Composer John Marvin is a master of both music and math

Composer John Marvin is a master of both music and math.

The Santa Barbara Music Club’s next Morning Concert will take place at 11 a.m. Wednesday in its trusty venue of the Faulkner Gallery in the Santa Barbara Central Library, 40 E. Anapamu St. Admission is free.

The performers — club members all, presumably — include Ted Rust on the English horn with Viva Knight on piano; and the Westmont Chamber Singers, directed by Grey Brothers, singing three madrigals, three part songs and three folk songs. Rust and Knight will play works by contemporary composers Elliott Carter and John Marvin.

Since the Music Club has been somewhat behind-hand in posting the April programs on its website, what I said above about the contents of this one is, strictly, all I know for sure. However, assuming that Rust and Knight will collaborate on both the Carter and the Marvin works, a little Internet sleuthing makes it fairly likely that the Carter piece will be his 1940 work Pastorale for Piano and English Horn (or viola or clarinet), and that we will hear Marvin’s Five Pieces for English Horn and Piano.

Carter has taken a simple, yet hard to follow, route to immortality — he has stayed alive and working. While it might be an overstatement to say that Carter is “still going strong” at 103, it is nevertheless true that he has produced three new works since turning 100. Writer Jeremy Grimshaw detects in this Pastorale “the influence of his Harvard composition professor, Walter Piston. It finds Carter in an unusually idyllic mode, composing lines and phrases with the elegance and amiability of Piston’s new classicism.”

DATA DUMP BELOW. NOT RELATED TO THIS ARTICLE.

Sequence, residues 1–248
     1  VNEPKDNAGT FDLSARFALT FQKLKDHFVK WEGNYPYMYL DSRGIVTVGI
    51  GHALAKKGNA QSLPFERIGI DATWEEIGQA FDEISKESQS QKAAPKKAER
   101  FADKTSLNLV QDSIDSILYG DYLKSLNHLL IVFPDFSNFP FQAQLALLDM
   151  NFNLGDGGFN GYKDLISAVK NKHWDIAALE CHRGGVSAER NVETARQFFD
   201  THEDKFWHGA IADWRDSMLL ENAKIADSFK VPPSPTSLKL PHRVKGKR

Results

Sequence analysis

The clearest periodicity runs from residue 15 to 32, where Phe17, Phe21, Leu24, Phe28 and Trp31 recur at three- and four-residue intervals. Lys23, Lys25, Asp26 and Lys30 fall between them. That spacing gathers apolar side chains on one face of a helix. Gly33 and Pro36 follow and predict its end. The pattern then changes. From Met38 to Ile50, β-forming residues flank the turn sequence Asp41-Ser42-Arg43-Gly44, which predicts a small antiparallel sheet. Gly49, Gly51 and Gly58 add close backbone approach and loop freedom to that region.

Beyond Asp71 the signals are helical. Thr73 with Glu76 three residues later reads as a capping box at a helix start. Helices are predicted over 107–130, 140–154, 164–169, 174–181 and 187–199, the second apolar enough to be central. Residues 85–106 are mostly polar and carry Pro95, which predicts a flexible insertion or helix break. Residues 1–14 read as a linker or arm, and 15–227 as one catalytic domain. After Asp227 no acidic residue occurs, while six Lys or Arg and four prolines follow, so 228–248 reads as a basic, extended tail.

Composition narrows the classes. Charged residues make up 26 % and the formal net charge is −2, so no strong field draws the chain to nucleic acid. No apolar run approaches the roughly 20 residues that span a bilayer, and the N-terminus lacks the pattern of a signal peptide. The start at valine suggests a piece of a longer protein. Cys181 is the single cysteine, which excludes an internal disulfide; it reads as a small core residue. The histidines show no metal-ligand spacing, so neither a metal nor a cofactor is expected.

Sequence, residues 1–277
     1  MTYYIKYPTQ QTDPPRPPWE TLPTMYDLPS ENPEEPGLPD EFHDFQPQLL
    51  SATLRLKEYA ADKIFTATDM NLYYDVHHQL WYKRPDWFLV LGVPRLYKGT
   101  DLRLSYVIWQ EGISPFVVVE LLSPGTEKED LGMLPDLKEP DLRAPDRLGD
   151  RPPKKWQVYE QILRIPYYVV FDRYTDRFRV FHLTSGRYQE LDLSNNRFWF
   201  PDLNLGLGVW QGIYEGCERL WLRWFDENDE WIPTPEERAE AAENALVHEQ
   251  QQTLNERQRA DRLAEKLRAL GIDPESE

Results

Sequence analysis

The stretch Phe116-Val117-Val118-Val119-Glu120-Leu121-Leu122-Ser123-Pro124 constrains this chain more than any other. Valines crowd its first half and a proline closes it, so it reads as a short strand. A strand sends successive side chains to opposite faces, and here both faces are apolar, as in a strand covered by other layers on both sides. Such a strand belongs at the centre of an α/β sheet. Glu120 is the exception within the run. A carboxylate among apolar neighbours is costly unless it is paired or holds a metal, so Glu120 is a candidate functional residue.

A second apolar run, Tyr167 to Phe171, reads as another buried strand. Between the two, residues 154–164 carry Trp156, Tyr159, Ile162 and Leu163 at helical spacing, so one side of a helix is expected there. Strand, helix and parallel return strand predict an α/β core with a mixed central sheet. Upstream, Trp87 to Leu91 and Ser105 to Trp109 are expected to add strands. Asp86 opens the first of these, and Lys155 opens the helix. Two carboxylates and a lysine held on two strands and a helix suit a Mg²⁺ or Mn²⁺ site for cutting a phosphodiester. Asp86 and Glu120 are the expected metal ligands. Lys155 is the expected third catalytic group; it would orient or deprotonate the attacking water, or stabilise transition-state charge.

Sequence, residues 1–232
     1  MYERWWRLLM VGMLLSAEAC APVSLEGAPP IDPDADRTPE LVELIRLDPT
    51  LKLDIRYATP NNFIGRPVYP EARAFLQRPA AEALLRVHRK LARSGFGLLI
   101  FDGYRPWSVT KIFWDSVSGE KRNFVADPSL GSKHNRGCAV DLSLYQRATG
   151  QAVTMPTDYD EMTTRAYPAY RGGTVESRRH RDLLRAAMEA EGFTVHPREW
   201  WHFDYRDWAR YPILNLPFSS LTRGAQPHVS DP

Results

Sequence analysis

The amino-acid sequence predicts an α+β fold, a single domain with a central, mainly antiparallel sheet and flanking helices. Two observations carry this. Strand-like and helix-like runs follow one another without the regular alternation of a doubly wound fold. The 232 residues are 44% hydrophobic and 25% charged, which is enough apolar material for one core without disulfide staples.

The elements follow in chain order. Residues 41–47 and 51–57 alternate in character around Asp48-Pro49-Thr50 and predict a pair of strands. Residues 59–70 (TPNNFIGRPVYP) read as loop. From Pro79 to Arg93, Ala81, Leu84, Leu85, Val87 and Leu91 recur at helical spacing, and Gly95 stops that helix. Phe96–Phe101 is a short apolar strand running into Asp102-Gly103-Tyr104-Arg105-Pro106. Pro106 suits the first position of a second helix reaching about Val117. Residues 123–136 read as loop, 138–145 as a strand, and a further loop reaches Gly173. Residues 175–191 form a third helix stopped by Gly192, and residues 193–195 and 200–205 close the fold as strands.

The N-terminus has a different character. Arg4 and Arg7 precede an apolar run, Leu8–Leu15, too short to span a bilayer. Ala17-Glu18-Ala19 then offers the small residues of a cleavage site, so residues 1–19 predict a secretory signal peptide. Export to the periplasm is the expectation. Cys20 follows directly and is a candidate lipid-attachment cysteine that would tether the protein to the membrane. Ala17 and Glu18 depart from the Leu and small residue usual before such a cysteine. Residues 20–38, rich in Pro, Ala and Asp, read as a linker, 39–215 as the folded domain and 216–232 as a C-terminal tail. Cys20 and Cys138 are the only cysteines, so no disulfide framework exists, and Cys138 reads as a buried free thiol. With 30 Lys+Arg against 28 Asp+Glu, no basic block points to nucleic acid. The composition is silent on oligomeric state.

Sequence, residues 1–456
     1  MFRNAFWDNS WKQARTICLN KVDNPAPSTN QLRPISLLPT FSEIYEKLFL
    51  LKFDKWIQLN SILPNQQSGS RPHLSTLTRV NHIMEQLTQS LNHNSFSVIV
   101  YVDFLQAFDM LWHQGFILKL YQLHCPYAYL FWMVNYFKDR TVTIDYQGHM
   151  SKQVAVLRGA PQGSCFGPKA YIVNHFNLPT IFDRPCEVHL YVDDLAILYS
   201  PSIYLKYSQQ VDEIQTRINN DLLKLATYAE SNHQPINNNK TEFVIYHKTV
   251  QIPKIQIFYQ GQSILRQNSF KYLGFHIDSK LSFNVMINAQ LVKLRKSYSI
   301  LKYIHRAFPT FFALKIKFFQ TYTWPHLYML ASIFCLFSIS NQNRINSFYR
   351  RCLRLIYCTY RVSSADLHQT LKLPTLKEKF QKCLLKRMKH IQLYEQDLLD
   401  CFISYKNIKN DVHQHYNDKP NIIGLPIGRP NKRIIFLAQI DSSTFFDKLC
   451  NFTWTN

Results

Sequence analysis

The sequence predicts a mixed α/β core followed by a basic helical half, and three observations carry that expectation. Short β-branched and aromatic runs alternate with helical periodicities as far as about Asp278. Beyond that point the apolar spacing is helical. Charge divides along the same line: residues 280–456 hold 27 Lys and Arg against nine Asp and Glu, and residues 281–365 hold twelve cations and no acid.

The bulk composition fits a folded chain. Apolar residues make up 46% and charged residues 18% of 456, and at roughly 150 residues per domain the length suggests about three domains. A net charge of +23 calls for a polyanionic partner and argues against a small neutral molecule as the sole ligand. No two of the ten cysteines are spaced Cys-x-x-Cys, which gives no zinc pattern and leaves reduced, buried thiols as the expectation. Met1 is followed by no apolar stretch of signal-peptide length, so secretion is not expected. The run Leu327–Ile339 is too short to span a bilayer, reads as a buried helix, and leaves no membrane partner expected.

Marvin (born in 1931 in Fayette, Mo.) started studying music at age 4 and composed his first complete work, Introduction and Allegro for Piano Trio, while a junior in college. As is not uncommon in musicians, Marvin also has a gift for mathematics, and holds a master’s degree in math from Johns Hopkins University.

Ever since, he has lived a double life, computer wizard at the Goddard Space Flight Center in Maryland by day, by night an increasingly admired composer. The Five Pieces is light and lyrical, though by no means trivial. Marvin will prove quite a find for the Faulkner Gallery audience.

As for the vocal music, anything Brothers chooses for the Westmont singers to perform is bound to be eminently pleasing.

— Gerald Carpenter covers the arts as a Noozhawk contributor. He can be reached at